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Mon Petit Chou (aka Cauliflower)

photo: istockphoto.com/Tatiana Volgutova

Cauliflower, how misunderstood you are! Big ugly head. Lumpy, bumpy, hard to get into, messy to chop, hard to break off. And after all that, for what? White bits all over the floor, the countertop, a snowstorm of crumbles. It doesn’t matter if you use a knife large or small.

It is still cauliflower, after all. Or choufleur, if you will, and I do, because it sounds so much nicer, softer and more like something I’d want to eat. Which I finally did, but it wasn’t that long ago—ten years maybe.

Not surprisingly, I fell in love with choufleur, not cauliflower, because I was living in Paris and buying the big heads—so heavy they were still covered with thick green leaves, the white part barely showing—and carrying them all the way home in a bag over my shoulder. It was always a dilemma—choufleur or potimarron, the chestnut-flavored pumpkin that here in America we call Red Kuri squash. Things quickly became heavy in my basket in the fall.

Roast choufleur, and it becomes something else: nutty and sweet— far removed from the stinky, limp and still wet (from the boiling water), opaque lumps that my grandmother served in Texas at Thanksgiving. It smelled so bad it threatened to override the pleasing aroma of the turkey and cloverleaf dinner rolls, just out of the oven, swaddled in a cloth-napkin-lined basket, ready to be passed with butter, not oleo, because it was a holiday.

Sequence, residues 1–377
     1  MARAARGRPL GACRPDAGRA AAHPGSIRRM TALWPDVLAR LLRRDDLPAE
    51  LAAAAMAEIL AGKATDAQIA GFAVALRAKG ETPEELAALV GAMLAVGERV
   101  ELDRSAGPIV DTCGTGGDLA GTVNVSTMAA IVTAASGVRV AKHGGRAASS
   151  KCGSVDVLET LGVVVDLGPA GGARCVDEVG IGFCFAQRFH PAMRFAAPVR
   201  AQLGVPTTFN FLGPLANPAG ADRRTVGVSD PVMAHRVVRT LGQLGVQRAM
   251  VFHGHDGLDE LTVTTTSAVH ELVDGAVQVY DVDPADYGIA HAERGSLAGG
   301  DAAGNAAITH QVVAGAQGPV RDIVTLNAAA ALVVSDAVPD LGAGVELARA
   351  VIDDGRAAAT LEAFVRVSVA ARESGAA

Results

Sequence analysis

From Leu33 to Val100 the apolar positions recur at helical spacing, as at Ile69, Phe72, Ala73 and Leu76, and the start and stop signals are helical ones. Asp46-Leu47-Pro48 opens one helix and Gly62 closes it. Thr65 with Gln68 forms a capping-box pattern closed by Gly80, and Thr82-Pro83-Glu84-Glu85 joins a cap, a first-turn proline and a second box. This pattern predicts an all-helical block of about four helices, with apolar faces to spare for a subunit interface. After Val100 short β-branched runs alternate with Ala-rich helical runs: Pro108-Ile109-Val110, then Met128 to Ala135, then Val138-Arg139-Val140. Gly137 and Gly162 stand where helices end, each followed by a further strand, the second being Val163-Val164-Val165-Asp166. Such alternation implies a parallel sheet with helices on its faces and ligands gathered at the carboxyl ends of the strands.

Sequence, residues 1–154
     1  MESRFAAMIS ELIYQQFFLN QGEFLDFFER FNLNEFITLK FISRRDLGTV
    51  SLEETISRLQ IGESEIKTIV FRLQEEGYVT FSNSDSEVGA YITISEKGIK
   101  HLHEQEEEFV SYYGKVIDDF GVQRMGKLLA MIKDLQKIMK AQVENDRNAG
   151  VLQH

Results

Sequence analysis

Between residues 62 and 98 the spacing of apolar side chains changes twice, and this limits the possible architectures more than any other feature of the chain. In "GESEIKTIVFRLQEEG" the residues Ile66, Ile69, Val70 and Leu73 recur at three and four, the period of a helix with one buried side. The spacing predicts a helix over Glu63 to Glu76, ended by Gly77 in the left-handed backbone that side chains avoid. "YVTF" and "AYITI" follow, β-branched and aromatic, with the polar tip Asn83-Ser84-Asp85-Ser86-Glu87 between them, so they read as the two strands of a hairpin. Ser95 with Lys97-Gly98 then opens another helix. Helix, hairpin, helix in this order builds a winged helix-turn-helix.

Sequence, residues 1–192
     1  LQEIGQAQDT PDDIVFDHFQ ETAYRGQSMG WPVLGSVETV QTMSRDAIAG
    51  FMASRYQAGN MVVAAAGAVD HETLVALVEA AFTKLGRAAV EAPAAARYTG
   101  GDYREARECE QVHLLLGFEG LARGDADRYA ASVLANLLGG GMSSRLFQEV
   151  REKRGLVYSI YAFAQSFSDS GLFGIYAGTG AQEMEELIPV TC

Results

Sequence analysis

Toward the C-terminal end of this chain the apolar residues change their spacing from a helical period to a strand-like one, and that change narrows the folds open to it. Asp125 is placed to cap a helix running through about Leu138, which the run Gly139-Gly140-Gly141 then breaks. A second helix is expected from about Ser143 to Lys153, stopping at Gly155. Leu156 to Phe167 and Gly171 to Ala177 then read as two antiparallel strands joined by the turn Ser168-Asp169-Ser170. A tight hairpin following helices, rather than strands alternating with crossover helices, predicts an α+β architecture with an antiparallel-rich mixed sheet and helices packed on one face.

These days, cauliflower is having its Big Moment, the darling of the vegan set and anyone who’s still refusing to eat carbs. Grate it like it’s a hunk of cheese and roast it, and it’s a stand-in for, well, rice. It’s better roasted my way, if you ask me.

In a nod to my grandmother, I will occasionally go full-on, one hundred percent funky. I’ll steam it in a little metal steamer basket until the house is filled with the familiar holiday stench, only to throw it all into a blender with some Parmesan cheese and butter and cream and make a purée out of it, or maybe a soup. There’s no getting around the smell.

It’s actually starting to grow on me.



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Ellise Pierce is the Cowgirl Chef and author of COWGIRL CHEF:
Texas Cooking with a French Accent (Running Press). Read her blog
(www.cowgirlchef.com), follow her on Twitter (@cowgirlchef) and Instagram


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